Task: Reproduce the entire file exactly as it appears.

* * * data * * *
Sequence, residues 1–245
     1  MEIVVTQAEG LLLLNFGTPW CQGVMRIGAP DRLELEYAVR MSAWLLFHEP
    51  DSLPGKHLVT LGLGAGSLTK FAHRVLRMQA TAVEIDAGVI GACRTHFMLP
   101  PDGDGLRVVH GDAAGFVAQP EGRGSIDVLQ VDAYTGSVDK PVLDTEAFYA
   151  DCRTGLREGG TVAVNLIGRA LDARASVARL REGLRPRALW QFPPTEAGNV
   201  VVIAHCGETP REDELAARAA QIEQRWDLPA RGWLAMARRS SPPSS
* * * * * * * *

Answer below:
Sequence, residues 1–245
     1  MEIVVTQAEG LLLLNFGTPW CQGVMRIGAP DRLELEYAVR MSAWLLFHEP
    51  DSLPGKHLVT LGLGAGSLTK FAHRVLRMQA TAVEIDAGVI GACRTHFMLP
   101  PDGDGLRVVH GDAAGFVAQP EGRGSIDVLQ VDAYTGSVDK PVLDTEAFYA
   151  DCRTGLREGG TVAVNLIGRA LDARASVARL REGLRPRALW QFPPTEAGNV
   201  VVIAHCGETP REDELAARAA QIEQRWDLPA RGWLAMARRS SPPSS